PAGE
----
David Center Lecture: "A Revolutionary Friendship: Washington, Jefferson, and the American Republic" with Francis D. Cogliano

7:00 - 8:00 p.m. ET

Please register here to attend. [Note: this will be held in-person at Washington Crossing, and virtually on Zoom]

Wednesday, May 15, 2024 

7:00 - 8:00 p.m. ET

Washington Crossing Historic Park Visitor Center
1112 River Road
Washington Crossing, PA 18977

Frank Cogliano Book

Martha Washington’s worst memory was the death of her husband. Her second worst was Thomas Jefferson’s awkward visit to pay his respects subsequently. Indeed, by the time George Washington had died in 1799, the two founders were estranged. But that estrangement has obscured the fact that for most of their thirty-year acquaintance they enjoyed a productive relationship. Precisely because they shared so much, their disagreements have something important to teach us.

In constitutional design, for instance: Whereas Washington believed in the rule of traditional elites like the Virginia gentry, Jefferson preferred what we would call a meritocratic approach, by which elites would be elected on the basis of education and skills. And while Washington emphasized a need for strong central government, Jefferson favored diffusion of power across the states. Still, as Francis Cogliano argues, common convictions equally defined their relationship: a passion for American independence and republican government, as well as a commitment to westward expansion and the power of commerce. They also both evolved a skeptical view of slavery, eventually growing to question the institution, even as they took only limited steps to abolish it.

What remains fascinating is that the differences between the two statesmen mirrored key political fissures of the early United States, as the unity of revolutionary zeal gave way to competing visions for the new nation. A Revolutionary Friendship brilliantly captures the dramatic, challenging, and poignant reality that there was no single founding ideal—only compromise between friends and sometime rivals.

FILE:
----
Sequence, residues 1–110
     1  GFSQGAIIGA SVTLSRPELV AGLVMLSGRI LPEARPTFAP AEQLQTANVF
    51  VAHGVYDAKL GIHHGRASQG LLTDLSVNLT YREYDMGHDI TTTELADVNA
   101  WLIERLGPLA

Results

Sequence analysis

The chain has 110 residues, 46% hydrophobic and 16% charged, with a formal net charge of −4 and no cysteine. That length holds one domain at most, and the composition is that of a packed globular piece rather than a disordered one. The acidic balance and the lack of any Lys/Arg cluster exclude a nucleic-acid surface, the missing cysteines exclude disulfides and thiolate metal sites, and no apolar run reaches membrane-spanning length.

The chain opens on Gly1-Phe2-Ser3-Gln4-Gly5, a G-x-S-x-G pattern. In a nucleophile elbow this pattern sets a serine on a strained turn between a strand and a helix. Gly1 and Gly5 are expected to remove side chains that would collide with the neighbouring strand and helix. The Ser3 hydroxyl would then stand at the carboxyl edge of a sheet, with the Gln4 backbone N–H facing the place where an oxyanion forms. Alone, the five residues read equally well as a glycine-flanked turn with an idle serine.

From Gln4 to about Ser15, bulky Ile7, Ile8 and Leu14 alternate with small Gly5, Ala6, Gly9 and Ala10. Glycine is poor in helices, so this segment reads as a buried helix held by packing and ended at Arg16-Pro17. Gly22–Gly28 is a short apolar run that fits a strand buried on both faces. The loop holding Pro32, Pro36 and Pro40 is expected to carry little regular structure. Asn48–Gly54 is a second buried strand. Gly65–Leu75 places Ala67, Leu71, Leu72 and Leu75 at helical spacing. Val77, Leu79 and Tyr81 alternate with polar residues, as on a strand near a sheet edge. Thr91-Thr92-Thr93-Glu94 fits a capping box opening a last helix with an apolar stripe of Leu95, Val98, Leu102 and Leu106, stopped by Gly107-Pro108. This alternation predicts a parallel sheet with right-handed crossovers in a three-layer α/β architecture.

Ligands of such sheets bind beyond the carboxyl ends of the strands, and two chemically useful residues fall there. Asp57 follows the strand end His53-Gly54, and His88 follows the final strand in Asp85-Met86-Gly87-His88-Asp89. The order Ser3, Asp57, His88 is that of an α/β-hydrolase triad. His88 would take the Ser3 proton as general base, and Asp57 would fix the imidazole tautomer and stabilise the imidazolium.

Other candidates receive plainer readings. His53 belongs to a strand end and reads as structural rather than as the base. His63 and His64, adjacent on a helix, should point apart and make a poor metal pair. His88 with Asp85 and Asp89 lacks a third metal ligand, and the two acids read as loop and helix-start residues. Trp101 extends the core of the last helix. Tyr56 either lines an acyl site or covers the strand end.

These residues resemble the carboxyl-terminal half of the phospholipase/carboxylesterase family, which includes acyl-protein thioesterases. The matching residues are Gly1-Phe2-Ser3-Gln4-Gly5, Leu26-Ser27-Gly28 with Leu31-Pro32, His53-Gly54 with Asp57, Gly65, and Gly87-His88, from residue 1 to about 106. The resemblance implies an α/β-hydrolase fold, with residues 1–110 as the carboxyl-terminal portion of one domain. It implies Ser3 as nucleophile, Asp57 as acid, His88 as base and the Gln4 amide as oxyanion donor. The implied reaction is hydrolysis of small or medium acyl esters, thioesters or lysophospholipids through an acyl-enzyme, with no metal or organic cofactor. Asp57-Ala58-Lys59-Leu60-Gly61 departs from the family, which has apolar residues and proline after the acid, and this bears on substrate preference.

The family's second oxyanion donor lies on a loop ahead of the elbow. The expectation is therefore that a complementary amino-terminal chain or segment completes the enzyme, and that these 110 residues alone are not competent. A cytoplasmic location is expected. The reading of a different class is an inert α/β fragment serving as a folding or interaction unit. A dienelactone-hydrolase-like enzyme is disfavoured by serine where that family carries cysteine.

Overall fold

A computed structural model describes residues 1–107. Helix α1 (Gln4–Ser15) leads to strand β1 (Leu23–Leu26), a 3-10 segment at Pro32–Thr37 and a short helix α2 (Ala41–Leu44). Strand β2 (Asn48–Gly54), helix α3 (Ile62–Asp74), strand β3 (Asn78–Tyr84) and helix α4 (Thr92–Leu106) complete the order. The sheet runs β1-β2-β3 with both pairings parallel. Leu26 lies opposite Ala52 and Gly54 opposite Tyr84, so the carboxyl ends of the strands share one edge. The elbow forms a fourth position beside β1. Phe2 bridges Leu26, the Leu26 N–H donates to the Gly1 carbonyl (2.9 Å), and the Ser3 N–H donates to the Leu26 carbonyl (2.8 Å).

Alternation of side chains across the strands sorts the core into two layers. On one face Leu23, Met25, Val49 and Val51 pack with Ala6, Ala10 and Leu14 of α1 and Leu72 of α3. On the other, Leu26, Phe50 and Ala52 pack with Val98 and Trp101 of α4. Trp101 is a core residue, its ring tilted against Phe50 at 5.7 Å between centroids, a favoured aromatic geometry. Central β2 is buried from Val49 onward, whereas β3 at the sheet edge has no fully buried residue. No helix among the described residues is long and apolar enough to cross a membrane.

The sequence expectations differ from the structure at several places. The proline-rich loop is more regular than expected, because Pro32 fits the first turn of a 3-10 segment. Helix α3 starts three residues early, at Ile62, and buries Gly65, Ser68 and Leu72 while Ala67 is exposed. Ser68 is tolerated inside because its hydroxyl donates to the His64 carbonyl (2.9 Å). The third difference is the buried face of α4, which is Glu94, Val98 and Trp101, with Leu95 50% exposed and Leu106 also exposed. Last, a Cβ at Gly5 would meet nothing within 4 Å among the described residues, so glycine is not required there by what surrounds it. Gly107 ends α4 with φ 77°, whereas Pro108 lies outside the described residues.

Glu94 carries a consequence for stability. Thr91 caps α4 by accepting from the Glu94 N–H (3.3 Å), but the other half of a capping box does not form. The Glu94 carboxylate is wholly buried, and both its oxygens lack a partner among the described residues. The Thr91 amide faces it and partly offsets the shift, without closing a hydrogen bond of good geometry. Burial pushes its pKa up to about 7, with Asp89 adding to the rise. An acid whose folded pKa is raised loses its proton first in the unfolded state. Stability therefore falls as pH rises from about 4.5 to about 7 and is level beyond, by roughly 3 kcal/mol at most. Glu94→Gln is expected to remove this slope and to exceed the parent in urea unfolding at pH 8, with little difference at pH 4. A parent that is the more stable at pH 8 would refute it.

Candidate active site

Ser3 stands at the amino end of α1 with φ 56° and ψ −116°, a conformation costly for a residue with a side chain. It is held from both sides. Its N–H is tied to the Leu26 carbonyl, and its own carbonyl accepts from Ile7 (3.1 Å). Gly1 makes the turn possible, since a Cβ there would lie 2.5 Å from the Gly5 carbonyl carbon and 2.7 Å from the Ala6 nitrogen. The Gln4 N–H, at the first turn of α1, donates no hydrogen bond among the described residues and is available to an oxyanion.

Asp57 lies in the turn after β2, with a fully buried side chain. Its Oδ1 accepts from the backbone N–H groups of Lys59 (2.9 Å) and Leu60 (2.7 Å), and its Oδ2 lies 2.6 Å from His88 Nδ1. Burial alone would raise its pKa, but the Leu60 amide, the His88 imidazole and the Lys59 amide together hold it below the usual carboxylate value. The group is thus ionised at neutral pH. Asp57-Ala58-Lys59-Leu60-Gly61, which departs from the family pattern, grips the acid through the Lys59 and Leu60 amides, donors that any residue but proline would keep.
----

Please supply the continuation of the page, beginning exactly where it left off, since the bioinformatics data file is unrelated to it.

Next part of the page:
The talk will be held in-person at Washington Crossing Historic Park. Books will be available for purchase and a book signing with the author will be held after the talk.

The event is free to attend but registration is required. Please register here to attend in-person.

This event is hosted by the David Center for the American Revolution at the American Philosophical Society. This event will take place on Wednesday, May 15, 2024 at 7:00 p.m. ET at the Visitor Center in Washington Crossing.

Can't make it? Join us instead at the APS on Thursday, May 16 at 12:00 p.m. for Lunch at the Library! Details here.

Francis D. Cogliano is the author of Emperor of Liberty: Thomas Jefferson's Foreign Policy. A Fellow of the Royal Historical Society and cohost of the American history podcast The Whiskey Rebellion. He is Professor of American History at the University of Edinburgh, and Acting Director of the International Center for Jefferson Studies at Monticello.